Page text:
But as time has gone on and we have clarity on how “answer engines” like Perplexity and Google AI Overviews work, public attitudes have shifted. There’s now a general consensus that information sources should be compensated for the information they provide — a recent poll from a think tank called the Artificial Intelligence Policy Institute showed that 74% of respondents said, “AI companies should compensate creators for using their data.”

We’re seeing this shift play out in the business world as OpenAI and others have begun to sign deals with publishers like News Corp and Axel Springer as well as platforms like Reddit to give LLMs access to their content. In the meantime, various challenges are slowly making their way through the courts in the hope of getting a final ruling from s legal perspective.

Today, any site that wants to guard against tech companies harvesting training data can set their site’s preferences (the robots.txt file) to forbid the practice. There are also ways to tag your content at the article level, giving you more control over how those articles are crawled and used. Intaglio, co-created by Media Copilot co-founder John Biggs, is such a solution.

Adding insult to injury, AI systems typically don’t just train on content for profit — their output also acts as a replacement for the content for many users. While people often have a visceral reaction to this reality, it mostly adds a dimension of urgency to resolving the situation in the legal and regulatory realms.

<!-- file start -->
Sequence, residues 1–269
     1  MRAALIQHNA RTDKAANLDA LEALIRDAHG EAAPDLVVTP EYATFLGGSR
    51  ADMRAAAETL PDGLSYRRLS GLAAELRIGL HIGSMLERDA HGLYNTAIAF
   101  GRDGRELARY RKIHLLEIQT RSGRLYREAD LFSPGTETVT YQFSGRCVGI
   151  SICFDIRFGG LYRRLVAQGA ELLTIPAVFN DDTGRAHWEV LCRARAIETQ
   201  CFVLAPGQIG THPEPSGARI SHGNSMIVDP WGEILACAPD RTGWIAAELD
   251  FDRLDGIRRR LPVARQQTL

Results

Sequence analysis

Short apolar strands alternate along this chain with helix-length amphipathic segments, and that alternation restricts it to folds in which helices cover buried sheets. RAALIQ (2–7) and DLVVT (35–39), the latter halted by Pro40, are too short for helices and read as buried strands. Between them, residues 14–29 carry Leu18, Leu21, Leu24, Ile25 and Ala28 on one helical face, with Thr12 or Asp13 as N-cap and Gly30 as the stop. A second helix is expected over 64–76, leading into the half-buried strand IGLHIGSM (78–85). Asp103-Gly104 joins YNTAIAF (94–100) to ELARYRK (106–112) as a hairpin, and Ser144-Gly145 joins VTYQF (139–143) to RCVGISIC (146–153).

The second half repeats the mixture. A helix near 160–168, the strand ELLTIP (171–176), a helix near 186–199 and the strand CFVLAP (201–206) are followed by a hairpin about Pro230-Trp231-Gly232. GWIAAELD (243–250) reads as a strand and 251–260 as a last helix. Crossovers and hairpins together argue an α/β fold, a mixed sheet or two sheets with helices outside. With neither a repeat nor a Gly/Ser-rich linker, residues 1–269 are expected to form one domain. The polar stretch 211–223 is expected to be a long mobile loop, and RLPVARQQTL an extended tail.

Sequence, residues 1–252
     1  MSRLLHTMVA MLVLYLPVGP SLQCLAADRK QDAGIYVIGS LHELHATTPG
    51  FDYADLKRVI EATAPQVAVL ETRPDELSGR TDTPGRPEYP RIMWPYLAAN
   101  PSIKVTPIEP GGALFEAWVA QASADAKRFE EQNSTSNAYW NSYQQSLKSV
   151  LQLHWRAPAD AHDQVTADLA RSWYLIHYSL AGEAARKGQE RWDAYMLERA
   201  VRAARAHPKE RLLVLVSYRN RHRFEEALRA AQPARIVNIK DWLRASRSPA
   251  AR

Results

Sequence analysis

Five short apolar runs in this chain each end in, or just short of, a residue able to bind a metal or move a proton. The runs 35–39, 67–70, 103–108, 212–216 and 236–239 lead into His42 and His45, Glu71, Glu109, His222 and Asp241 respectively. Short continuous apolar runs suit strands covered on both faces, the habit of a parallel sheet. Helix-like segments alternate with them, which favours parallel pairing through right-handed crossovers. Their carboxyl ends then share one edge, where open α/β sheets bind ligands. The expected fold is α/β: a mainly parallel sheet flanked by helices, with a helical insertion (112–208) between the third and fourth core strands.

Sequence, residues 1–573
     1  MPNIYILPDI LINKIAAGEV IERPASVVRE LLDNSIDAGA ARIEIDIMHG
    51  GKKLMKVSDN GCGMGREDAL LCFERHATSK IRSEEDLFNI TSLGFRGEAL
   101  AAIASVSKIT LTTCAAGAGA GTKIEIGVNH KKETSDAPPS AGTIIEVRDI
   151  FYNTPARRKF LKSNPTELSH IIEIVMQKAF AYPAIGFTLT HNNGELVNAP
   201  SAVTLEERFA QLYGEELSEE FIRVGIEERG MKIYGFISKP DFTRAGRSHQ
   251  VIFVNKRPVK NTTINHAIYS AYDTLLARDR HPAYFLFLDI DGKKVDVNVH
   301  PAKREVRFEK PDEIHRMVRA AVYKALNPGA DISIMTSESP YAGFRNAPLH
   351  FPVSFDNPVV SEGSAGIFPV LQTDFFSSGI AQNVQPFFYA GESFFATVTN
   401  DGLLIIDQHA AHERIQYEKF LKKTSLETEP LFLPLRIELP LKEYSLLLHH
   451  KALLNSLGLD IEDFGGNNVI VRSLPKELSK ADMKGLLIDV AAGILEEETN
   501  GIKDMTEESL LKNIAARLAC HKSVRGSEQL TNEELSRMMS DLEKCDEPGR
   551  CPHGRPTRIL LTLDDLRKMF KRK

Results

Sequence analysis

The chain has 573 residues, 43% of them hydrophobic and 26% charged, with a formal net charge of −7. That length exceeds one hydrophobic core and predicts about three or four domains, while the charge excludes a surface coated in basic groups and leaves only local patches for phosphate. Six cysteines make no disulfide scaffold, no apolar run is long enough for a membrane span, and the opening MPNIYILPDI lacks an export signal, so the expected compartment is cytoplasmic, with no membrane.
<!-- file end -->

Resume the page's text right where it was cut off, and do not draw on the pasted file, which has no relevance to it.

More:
Control

When you interact with a chatbot like ChatGPT or Meta.ai, the requests, documents, and other data you feed into it will generally be used as training data. What that means is there’s a chance that, at some point in the future, another user might be able to coax some or all of that information from the chatbot just by asking.

This obviously means you should not feed sensitive or non-public information into a chatbot. If you want to use an LLM privately, you should use the APIs that AI companies provide, which don’t keep the data for training, according to those same companies.

However, given the track record of Big Tech and the strong tendencies of AI builders to hoover up data however and whenever they can, there are some companies that forbid the use of commercial AI completely — even through an API. That’s pretty extreme, but it doesn’t mean they have to cut themselves off from LLMs: You can still run AI locally, on a server or private cloud.

The Silver Lining

The lesson in all this for everyone, even individuals, is awareness. It’d be unrealistic for most digital citizens to simply “opt out” of using AI or digital platforms that want to harvest data. But you can better understand what you’re agreeing to when you do via an app called Tosless. Feed it any Terms of Service agreement, and it’ll tell you which parts are most concerning. It may not diffuse any privacy land mines, but at least it’ll let you know when you’re about to step on them.

There’s a silver lining in all this consternation about privacy: Given AI’s insatiable need for more data, the value of everyone’s information has effectively gone up. But for a fair economy to arise around that reality, the owners of that information need to be aware of that value. Over the last decade, Big Tech has done its best to convince us that exchanging free services for limitless data harvesting was a fair bargain. Ironically, it could be their most innovative creation — AI — that gets us to finally push back on that idea.